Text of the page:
Market battered in quarter

October 01, 1990|By New York Times

The stock market as a whole just finished one of its worst quarters ever. About the only companies to show gains in a period dominated by crisis in the Persian Gulf were in natural resources, particularly oil.

"It was a difficult quarter," said Robert S. Salomon, director of stock research with Salomon Brothers Inc. "If people didn't realize it before, higher oil prices made many people realize that there is a recession on the way. And interests rates have not fallen as you would expect in a period of economic weakness."

Of the nearly 4,200 stocks tracked by Media General Financial Services, 3,744 were down in price for the third quarter while only 370 were up. Sixty-one were unchanged.

According to Media General, 1,368 stocks on the New York Stock Exchange were down, 155 stocks up and 19 unchanged.

On the American Stock Exchange, 461 were down, while 62 were up and 5 remained unchanged.

In over-the-counter trading, 1,915 stocks were down and 153 were up, with 37 unchanged.

The big winner on the Big Board was Freeport-McMoran Copper Co., which explores for and mines copper in Indonesia. In July, the company announced an increase of 107 million metric tons in its proven ore reserves at its Grasberg copper mine.

The stock with the greatest decline was Prime Motor Inns Inc., a hotel company that filed for bankruptcy last month. The company in recent months sold its Howard Johnson, Ramada and Rodeway Inns franchises. The company, based in Fairfield, N.J., had also announced that charges for the third quarter would lead to a substantial after-tax loss.

On the American exchange, the stock with the largest gain was Maxxam Inc., the former MCO Holdings, which in 1988 bought Kaisertech Ltd., the holding company for Kaiser Aluminum, and Kaiser, the nation's fourth-largest maker of aluminum. Maxxam has benefited in recent months from high aluminum prices and high demand for aluminum products.

The stock with the biggest decline on the American exchange was Catalina Lighting Inc., a Miami-based company that is one of the fastest growing importers and distributors of residential decorative lighting and ceiling fans. The company's results have been hurt by higher expenses and interest costs. Intensified competition in the industry has narrowed margins, pushing the company's earnings below expectations.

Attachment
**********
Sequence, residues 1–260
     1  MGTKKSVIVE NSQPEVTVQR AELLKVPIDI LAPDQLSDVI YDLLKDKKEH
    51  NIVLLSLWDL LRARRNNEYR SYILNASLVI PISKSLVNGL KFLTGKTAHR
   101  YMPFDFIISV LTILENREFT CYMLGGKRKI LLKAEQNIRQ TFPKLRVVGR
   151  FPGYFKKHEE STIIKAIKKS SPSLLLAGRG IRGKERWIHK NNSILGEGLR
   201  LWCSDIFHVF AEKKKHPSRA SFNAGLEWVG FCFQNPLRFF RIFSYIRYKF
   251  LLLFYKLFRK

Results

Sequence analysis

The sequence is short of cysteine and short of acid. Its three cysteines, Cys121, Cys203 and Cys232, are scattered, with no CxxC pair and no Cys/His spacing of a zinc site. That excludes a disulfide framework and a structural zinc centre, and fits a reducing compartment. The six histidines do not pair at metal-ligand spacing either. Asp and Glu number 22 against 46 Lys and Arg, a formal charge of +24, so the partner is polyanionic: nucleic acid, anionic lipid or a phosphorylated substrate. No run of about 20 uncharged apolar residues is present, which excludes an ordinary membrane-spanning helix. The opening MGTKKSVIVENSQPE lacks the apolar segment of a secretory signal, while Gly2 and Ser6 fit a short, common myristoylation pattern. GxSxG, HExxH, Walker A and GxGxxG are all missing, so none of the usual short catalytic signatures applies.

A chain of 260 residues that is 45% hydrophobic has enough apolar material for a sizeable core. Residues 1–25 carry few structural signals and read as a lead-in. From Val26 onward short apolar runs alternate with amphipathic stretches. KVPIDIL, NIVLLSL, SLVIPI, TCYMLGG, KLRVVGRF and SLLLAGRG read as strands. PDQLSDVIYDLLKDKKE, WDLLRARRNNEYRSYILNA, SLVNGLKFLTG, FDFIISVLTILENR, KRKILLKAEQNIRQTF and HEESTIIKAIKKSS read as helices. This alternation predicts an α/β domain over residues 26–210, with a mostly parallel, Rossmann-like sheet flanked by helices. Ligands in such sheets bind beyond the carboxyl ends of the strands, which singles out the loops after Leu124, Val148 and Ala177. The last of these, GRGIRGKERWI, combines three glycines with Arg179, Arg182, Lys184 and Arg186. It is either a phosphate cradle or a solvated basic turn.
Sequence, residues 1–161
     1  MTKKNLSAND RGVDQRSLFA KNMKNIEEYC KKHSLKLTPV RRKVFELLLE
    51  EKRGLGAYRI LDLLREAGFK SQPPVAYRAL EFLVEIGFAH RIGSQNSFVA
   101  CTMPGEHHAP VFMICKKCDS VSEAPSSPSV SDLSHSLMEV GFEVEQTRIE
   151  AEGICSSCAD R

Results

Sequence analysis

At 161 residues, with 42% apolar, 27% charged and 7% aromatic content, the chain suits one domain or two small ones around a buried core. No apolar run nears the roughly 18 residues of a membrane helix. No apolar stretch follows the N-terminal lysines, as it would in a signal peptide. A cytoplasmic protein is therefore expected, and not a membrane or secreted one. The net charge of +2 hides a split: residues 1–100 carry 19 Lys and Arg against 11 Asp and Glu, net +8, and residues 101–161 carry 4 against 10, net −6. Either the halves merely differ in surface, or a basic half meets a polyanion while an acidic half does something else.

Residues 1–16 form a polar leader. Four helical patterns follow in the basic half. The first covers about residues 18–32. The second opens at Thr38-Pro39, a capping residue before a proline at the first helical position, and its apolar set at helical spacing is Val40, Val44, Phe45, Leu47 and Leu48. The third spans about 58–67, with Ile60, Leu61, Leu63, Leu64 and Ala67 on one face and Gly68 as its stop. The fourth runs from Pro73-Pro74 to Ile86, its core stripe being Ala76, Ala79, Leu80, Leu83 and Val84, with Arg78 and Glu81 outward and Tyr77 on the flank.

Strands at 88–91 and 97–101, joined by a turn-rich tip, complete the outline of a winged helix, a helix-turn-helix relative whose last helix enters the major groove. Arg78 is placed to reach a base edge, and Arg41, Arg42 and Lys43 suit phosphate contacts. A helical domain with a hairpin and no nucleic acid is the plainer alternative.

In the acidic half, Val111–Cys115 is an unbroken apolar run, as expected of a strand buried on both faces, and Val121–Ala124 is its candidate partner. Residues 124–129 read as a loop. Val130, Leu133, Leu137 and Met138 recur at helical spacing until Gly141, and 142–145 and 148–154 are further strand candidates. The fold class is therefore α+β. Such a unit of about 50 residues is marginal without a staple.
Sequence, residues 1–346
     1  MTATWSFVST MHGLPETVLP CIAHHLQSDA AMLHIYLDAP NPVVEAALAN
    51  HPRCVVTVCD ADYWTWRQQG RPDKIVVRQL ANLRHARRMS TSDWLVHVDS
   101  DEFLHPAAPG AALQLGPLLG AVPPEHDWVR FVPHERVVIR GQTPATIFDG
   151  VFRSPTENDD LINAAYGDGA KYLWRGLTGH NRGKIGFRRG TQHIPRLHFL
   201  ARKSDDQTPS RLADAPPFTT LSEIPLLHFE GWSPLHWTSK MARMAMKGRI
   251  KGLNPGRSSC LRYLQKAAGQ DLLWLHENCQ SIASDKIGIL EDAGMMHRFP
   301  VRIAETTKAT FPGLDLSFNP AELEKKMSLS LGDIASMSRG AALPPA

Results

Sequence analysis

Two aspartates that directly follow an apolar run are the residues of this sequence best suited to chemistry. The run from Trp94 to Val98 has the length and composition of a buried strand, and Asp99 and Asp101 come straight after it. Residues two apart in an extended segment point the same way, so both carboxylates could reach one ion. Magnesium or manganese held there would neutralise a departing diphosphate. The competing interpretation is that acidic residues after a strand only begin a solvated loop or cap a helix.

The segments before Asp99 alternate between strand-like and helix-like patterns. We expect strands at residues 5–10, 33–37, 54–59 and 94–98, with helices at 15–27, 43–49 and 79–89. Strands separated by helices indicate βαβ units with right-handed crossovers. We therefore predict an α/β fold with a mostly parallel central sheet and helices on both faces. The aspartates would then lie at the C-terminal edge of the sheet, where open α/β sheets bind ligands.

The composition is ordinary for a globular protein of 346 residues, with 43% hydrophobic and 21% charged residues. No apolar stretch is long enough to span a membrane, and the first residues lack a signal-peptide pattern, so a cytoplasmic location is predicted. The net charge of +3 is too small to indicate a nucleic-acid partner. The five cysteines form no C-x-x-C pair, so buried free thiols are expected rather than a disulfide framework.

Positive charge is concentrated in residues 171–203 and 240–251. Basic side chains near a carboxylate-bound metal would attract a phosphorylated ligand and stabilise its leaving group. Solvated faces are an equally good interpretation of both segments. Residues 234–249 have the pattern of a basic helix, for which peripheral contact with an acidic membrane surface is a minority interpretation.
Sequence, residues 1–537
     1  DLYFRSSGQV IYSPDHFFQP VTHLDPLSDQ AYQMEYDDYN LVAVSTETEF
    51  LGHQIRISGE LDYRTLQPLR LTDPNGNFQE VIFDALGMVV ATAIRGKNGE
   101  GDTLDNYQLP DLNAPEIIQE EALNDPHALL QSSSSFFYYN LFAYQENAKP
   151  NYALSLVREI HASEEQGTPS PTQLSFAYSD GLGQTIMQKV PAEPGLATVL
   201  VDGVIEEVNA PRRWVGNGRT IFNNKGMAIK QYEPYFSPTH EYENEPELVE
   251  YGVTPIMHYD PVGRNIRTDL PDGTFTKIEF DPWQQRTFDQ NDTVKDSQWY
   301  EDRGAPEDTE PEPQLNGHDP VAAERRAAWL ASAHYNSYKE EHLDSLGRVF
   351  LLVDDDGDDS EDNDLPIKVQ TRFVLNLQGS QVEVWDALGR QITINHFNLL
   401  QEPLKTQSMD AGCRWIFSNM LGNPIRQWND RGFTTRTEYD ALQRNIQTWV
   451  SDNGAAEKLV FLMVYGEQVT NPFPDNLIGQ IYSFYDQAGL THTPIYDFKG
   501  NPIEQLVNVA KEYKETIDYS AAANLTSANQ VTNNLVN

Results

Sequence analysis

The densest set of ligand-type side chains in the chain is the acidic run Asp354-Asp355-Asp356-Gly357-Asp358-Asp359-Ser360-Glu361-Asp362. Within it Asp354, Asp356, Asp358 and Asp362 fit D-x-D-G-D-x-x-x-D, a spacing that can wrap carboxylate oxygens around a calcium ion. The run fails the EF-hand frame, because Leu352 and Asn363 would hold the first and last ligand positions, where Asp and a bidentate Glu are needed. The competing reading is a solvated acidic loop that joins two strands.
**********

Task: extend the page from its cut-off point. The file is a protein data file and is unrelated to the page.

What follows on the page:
In over-the-counter trading, the largest gainer in the quarter was Barden Corp., a maker of bearing products, precision plastic moldings and metal stampings and assemblies. The company, based in Danbury, Conn., agreed two weeks ago to be acquired by FAG Bearings Corp., the U.S. subsidiary of a large West German bearings and industrial systems manufacturer FAG Kugelfischer Georg Schaefer.

The purchase price was $66.50 a share, or $131.1 million. On the day of that agreement, Barden's stock soared $30 a share -- a 94 percent gain -- in over-the-counter trading, closing at $63.

The stock with the sharpest decline in over-the-counter trading was CM Communications Inc., an importer and designer of cellular telephones. The company, based in Panorama City, Calif., announced inventory write-offs in recent months from a subsidiary that ceased operations.

Energy-related companies were prominent on the list of stocks gaining for the quarter.

On the Big Board, Freeport McMoran Oil and Gas Co., an explorer and producer of crude oil and natural gas, was No. 3. In the No. 4 spot was Western Gas Resources, the Denver-based holding company that owns a 52 percent stake in the natural gas company Western Gas Processors Ltd.

Fifth was Apache Corp., a Denver-based company involved in oil and gas exploration.

On the American Stock Exchange, two of the top five gainers were energy related: Beard Oil Co., an Oklahoma City-based oil and gas production company, and Chiles Offshore Corp., a Houston-based offshore drilling contractor.

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